Flashback, April '07:
Joseph Biden, chairman of the Senate Foreign Relations Committee and a Democratic presidential candidate, called Wednesday for the use of military force to end the suffering in Darfur.
"I would use American force now," Biden said at a hearing before his committee. "I think it's not only time not to take force off the table. I think it's time to put force on the table and use it."
In advocating use of military force, Biden said senior U.S. military officials in Europe told him that 2,500 U.S. troops could "radically change the situation on the ground now."
I spoke yesterday with a Hill Democrat steeped in foreign affairs who said he'll be watching closely to see how Biden and Obama's different foreign policy experiences and views interface. Although Biden is no neocon hawk, over the years he's been quite comfortable with the use of force to achieve American goals. His foreign policy outlook was forged in the 80s and 90s, as the Democratic party battled post-Vietnam syndrome, and while did he oppose the first Gulf War in 1991 he came to fully embrace the second-term Clintonite philosophy of projecting American power overseas strongly. Indeed when it came to the Balkans, Biden was a step ahead of that curve, advocating a "lift and strike" policy of ending the US arms embargo against the Bosnian Muslims and bombing the Serbs. Obama, obviously, has been shaped in a very different era, leaving him very oriented towards soft power over hard power. Biden may have moved in that direction of late, but his past instinct has been a little less force-averse.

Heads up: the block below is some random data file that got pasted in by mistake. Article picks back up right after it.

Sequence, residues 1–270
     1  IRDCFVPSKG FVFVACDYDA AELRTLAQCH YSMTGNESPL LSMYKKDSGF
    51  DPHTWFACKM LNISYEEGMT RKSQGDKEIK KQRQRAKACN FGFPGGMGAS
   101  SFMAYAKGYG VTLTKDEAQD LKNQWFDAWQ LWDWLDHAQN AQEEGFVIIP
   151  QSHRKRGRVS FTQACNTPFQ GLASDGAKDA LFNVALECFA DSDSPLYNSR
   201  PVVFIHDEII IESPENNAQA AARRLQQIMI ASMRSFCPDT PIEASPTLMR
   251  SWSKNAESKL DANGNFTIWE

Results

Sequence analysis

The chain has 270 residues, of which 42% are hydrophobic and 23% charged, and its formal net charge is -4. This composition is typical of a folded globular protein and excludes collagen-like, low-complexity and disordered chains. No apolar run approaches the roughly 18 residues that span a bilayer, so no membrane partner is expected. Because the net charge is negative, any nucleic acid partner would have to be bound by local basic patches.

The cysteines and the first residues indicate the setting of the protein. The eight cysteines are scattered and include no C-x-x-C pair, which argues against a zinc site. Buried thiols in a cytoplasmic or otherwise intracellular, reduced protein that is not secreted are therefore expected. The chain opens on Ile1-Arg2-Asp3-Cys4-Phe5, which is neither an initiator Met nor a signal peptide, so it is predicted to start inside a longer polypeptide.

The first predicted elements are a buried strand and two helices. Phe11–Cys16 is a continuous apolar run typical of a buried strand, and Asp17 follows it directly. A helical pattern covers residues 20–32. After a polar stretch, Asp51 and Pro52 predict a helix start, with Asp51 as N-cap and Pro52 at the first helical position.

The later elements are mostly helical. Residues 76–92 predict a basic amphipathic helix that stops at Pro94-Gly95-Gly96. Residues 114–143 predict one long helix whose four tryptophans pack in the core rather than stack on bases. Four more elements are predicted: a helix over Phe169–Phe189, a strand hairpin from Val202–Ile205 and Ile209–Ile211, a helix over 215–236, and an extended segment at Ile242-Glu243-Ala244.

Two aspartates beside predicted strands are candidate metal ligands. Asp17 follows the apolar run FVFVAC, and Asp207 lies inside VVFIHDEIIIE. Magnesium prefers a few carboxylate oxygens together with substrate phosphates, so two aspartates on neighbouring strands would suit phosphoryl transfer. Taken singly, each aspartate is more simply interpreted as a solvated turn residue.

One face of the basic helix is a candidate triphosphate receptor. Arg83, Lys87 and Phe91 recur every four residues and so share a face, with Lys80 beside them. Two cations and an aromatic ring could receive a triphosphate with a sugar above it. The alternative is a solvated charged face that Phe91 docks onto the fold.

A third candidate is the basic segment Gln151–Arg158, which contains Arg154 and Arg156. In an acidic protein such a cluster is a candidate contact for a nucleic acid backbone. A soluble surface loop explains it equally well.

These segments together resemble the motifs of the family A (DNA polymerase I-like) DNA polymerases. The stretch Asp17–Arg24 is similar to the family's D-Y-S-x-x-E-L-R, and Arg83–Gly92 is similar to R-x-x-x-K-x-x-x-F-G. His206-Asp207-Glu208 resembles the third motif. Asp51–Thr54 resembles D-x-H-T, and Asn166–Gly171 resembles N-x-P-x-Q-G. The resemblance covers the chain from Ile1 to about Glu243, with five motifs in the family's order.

Thus, Darfur will be a particularly interesting test. Obama often talks about the horror there, but has never called for direct U.S. intervention. Instead, he supports tougher sanctions against the Khartoum regime and a "large, capable UN-led and UN-funded force with a robust enforcement mandate to stop the killings." He also backs a no-fly zone, which apparently might be enforced with "help" from the U.S. But no American boots on the ground.
My source tells me that, in a closed-door meeting some months ago after his primary campaign ended, Biden vowed that he would use his Senate Foreign Relations Committee perch to hound a president Clinton or Obama into real action on Darfur. Now he's got the opportunity to be far more than a gadfly. Keep an eye on this.
P.S. Please read my colleague Richard Just's authoritative masterpiece on why nothing gets done about Darfur.Michael Crowley